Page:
# A Few Useful Functions:

``````-- Squares x.
function square(x)
return x*x
end

-- Works out the difference between two numbers.
function diff(n1, n2)
if n2 > n1 then
return n2 - n1
elseif n1 > n2 then
return n1 - n2
else
return 0
end
end

-- Can be used in simulations to work out the distance (in pixels) between two points.
function dist(x1, y1, x2, y2)
return math.sqrt(square(diff(x1, x2))+square(diff(y1, y2)))
end

-- Can be used to find the triangular number of x.
function tri(x)
t = 0
for i = 1, x do
t = t + i
end

return t
end

-- Can be used to find the oblong number of x.
function ob(x)
o = 0
for i = 1, x do
o = o + i*2
end
return o
end

``````

Above are some very useful math functions (by me), but most useful is the `dist(x1, y1, x2, y2)`, which can calculate the distance (in pixels) between two points using Pythagorean theorem. Please let me know of any problems.

for distance, you can also use vec2 and vec3 dist, `aVector:dist(anotherVector)`.

For your difference function, you could use `math.abs` to always get the positive version, then it would just be:

``````function diff(n1, n2)
return math.abs(n2-n1)
end
``````

TBH, I’d rather just right `x*x` or `math.abs(n2-n1)` directly in my code than create a `squared` and `diff` functions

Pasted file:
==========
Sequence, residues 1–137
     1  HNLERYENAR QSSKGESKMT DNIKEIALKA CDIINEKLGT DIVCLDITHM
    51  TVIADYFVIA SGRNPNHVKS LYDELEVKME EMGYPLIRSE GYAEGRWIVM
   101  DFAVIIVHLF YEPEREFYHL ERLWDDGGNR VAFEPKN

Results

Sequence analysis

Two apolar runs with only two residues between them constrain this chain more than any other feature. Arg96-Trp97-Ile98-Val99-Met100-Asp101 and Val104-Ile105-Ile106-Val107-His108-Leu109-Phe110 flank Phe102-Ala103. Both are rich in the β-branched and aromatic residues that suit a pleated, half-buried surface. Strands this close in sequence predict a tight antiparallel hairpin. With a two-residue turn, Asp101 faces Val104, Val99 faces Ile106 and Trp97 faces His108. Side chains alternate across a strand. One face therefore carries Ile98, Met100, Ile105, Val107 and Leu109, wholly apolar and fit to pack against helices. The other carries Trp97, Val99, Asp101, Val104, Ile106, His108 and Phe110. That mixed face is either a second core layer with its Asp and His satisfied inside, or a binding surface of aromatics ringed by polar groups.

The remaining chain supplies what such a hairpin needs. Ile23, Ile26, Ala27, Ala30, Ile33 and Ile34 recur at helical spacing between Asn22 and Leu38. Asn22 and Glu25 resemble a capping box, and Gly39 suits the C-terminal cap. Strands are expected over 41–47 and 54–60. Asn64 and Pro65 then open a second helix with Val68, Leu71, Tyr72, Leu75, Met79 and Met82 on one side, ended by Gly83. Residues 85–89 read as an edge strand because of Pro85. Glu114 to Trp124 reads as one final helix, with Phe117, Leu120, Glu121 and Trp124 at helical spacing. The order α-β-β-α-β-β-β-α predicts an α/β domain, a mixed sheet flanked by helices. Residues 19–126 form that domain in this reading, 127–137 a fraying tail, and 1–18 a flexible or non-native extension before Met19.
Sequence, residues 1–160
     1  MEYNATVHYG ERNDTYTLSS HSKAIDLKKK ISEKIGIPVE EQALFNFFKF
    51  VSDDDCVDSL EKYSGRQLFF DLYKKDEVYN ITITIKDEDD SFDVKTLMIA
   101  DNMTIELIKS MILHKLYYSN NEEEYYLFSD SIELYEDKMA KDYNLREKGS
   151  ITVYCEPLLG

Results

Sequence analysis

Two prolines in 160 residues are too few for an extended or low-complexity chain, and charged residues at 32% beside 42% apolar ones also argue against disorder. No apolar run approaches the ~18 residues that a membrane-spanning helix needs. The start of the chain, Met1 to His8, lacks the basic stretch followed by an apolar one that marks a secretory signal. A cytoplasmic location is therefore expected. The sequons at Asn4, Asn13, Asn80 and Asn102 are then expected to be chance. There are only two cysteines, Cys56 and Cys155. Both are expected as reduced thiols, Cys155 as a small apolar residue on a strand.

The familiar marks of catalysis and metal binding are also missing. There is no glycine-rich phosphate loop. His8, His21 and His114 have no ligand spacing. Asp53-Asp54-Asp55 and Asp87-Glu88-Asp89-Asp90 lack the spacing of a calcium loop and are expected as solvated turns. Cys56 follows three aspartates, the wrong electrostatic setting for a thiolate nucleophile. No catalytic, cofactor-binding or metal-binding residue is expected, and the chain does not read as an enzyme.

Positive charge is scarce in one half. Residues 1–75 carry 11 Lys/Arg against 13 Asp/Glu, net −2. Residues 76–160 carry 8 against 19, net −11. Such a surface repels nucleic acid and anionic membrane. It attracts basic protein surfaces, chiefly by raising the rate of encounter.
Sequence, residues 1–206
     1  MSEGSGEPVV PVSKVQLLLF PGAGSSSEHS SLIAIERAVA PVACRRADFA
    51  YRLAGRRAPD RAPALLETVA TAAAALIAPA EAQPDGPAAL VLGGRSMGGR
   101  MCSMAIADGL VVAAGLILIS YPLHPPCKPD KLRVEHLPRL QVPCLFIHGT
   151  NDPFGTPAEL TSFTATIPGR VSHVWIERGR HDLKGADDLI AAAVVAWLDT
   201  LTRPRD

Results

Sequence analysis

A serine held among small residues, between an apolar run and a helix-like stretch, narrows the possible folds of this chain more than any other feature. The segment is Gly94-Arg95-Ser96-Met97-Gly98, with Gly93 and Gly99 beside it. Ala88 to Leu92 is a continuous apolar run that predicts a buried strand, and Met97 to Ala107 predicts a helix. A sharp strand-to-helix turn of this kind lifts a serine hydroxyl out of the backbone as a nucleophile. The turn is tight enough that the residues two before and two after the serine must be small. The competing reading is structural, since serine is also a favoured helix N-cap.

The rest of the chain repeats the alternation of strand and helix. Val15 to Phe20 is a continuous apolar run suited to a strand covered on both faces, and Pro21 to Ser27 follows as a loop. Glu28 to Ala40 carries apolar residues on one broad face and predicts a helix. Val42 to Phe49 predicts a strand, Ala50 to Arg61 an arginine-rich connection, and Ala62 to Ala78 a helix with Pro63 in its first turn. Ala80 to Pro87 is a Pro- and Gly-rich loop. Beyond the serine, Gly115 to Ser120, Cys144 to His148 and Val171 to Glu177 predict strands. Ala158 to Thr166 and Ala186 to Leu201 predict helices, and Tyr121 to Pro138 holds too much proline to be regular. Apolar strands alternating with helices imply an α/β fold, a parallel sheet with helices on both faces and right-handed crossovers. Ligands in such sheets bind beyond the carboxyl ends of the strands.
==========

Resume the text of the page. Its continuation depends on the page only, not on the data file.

Agreed, I would check the available functions in the reference befor bothering to write your own. The built in functions will always be faster.

what do the vec2 and vec3 distance functions do, exactly?

I could explain them, but you can go to @Ignatz tutorials and read it just as easily as reading the answer here.

or look in the reference link at top, under vectors

the simple explanation is that they’re a way to bundle x and y coordinates together. ie instead of

``````x,y = 5,10
``````

write

``````pos=vec2(5,10)
``````

and then you can access individual coordinates with `.x` eg:

``````print(pos.x) --prints 5
print(pos.y) -- prints 10
``````

The advantage of doing this is that you have access to an entire library of geometry functions.